Passes alone are no guarantee of seat availability on European trains these days, so I garnered and paid for four seat reservations on every train. This turned out to be quite expensive, as there were 8 trains involved: Frankfurt/Munich, Munich/Salzburg/Munich, Munich/Basel/Munich (4 trains due to a connection), Munich/Frankfurt. All in, rail costs (passes and seats) came to a staggering $1,232 for a seven day visit.

Finally accommodation: Using Hilton HHonors points for our residence in Munich was our plan. However, it cost me double the points I'd planned, since European hotels forbid occupancy of more than three in a standard room such as those available in the HHonors program. This necessitated booking two rooms for a week, which drained off the majority of my Hilton points. Adding insult to injury, I had to use 7-day awards even though the seventh night would be at a hotel near the Frankfurt airport. Thus I lost one-seventh of the value of the award at the Munich Hilton, times two rooms.

Lastly, the early morning BA flight departure from Frankfurt required a separate hotel booking near the Frankfurt airport. My travel agent did a better job than I did in locating the least expensive option, but it was no bargain: 180 Euros per room per night, and we once again were forced to book two rooms. Since I'll have to pay this by credit card, I anticipate a miserable exchange rate of $1.60-1.65, even though the current rate as of this writing is around $1.46 to the Euro. This is because of the onerous surcharges made by credit card companies these days on foreign exchange transactions. Thus the one night at a fleabag hotel near the Frankfurt Airport will set us back almost $600. This could have been avoided if we'd been able to get a better air itinerary.

The shrinking dollar hangs over the upcoming trip as well. An acquaintance recently returned from a week in Amsterdam where he was attending his daughter's graduation from an international school. He is quite at home in The Netherlands and in Europe generally. But he was shocked to find on this trip that most Dutch merchants refused to accept his Visa and MasterCard for transactions. They complained that the dollar/Euro rate fluctuations were impacting credit card receipts once processed into Euros, and they demanded either a Euro-based credit card or cash in Euros.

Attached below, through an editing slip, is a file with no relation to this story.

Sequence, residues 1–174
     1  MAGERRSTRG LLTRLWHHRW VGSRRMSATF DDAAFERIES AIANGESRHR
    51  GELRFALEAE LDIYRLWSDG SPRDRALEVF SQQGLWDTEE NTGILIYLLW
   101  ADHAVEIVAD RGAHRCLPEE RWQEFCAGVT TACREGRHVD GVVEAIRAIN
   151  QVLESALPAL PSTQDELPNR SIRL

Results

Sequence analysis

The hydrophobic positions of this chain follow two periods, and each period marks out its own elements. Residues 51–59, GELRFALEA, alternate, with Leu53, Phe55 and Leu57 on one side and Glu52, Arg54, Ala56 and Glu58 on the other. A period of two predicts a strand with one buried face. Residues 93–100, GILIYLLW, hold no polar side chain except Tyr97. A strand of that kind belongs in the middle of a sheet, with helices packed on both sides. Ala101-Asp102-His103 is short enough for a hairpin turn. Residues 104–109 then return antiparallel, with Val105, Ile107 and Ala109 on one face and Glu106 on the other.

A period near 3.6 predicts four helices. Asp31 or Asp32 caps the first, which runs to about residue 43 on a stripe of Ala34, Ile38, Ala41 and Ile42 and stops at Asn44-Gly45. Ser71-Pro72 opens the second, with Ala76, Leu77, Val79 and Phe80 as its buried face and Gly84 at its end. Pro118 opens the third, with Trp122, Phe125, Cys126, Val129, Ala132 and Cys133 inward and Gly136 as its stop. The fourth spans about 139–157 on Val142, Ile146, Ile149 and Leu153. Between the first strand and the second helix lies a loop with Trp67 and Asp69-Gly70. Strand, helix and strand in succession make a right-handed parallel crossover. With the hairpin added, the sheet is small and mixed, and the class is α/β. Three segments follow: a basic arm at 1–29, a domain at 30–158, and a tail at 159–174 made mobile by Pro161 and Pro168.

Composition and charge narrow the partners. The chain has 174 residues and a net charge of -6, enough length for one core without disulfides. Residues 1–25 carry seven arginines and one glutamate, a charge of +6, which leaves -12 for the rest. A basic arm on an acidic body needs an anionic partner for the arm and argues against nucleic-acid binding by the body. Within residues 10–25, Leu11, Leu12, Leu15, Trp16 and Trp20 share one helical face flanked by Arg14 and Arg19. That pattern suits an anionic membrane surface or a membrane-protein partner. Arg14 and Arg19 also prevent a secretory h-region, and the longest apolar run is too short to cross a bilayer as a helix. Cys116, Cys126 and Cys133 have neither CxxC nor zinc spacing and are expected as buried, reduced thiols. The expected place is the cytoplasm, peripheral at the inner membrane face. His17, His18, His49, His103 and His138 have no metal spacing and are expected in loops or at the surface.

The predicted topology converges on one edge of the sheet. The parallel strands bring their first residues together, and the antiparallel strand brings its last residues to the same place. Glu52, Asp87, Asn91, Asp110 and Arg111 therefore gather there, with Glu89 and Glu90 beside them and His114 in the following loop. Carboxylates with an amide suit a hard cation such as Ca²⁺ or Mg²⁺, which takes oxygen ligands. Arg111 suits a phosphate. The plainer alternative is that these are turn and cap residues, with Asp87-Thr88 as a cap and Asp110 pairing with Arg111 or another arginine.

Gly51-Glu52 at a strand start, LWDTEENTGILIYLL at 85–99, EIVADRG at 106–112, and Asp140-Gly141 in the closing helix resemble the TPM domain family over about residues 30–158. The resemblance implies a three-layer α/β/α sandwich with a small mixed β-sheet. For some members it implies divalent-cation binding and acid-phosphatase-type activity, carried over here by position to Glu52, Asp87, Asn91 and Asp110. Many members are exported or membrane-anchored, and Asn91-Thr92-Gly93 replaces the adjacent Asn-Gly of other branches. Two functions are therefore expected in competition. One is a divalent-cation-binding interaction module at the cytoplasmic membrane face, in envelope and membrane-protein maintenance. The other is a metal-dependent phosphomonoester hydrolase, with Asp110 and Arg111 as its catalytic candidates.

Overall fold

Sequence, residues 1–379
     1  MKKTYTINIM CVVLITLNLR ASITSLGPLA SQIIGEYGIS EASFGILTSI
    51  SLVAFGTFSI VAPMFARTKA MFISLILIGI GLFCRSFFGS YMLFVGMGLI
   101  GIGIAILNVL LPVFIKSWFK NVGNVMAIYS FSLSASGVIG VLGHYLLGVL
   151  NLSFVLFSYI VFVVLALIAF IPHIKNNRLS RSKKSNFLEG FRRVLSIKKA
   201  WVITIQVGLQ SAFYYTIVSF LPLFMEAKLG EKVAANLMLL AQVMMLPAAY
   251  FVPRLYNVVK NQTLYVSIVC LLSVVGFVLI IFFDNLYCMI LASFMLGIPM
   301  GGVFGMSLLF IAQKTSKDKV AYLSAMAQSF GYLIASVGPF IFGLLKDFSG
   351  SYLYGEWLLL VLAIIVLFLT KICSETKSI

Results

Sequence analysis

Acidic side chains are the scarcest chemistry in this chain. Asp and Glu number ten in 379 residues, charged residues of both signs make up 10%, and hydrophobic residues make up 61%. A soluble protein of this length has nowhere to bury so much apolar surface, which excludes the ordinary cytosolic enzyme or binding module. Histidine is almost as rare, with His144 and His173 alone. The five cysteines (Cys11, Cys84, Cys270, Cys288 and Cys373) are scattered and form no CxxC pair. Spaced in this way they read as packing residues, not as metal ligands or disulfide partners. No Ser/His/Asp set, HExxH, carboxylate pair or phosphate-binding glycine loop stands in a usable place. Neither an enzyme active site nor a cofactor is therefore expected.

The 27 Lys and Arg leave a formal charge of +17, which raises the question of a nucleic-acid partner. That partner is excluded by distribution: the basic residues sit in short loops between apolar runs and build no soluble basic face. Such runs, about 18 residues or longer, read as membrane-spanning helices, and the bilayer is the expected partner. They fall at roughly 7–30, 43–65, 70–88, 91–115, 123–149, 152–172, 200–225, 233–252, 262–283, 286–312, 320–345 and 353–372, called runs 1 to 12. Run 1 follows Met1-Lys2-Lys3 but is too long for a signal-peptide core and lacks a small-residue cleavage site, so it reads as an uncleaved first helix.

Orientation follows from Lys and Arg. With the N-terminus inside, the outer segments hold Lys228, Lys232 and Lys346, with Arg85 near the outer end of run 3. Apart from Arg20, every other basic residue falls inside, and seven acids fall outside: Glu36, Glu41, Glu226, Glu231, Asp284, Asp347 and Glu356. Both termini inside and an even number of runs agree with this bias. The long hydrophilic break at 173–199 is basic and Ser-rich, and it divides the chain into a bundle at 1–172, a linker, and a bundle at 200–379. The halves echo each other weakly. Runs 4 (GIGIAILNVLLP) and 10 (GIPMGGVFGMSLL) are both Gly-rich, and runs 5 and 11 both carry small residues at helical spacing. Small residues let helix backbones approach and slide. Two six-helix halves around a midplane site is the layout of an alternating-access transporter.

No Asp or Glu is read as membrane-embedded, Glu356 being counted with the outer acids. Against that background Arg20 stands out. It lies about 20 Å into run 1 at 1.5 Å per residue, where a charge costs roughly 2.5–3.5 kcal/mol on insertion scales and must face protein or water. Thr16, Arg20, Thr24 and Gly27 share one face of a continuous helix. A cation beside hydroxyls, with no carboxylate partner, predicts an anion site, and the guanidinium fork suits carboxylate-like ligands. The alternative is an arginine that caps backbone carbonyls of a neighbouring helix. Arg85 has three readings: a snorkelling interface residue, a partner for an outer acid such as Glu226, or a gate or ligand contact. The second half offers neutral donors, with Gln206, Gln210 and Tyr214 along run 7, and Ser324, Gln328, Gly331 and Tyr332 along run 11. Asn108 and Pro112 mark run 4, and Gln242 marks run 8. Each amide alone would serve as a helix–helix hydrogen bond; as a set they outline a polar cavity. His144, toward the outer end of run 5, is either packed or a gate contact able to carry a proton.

Apparently cash isn't the answer in Europe nowadays, either. At least not when denominated in dollars. One of my siblings, just back from almost three weeks in France and Spain, reported that a colleague was unable to use or exchange dollars in hotels as she had routinely for decades. In refusing U.S. dollars, Hotel management cited the same concerns as the Dutch merchants over collapsing dollar/Euro exchange rates.

Worse, she could not find banks in those countries outside Paris and Madrid that would accept dollars in exchange for Euros. Her traveling companions, including my sibling, loaned her enough Euros to get by until she reached Paris again.

Though I think it ludicrous, and I've certainly never had to do such a thing on any previous European visit, I have accumulated several thousand dollars in cash for our one week trip to be ready for any contingency.

Bottom line is that I've often traveled to, and several times lived and worked in, Europe since 1973. I anticipated every journey across the Atlantic with excitement and enthusiasm. Our upcoming trip, however, looms before us like a dark cloud. My wife and I seriously considered canceling, but the considerable air and rail costs are nonrefundable and already sunk.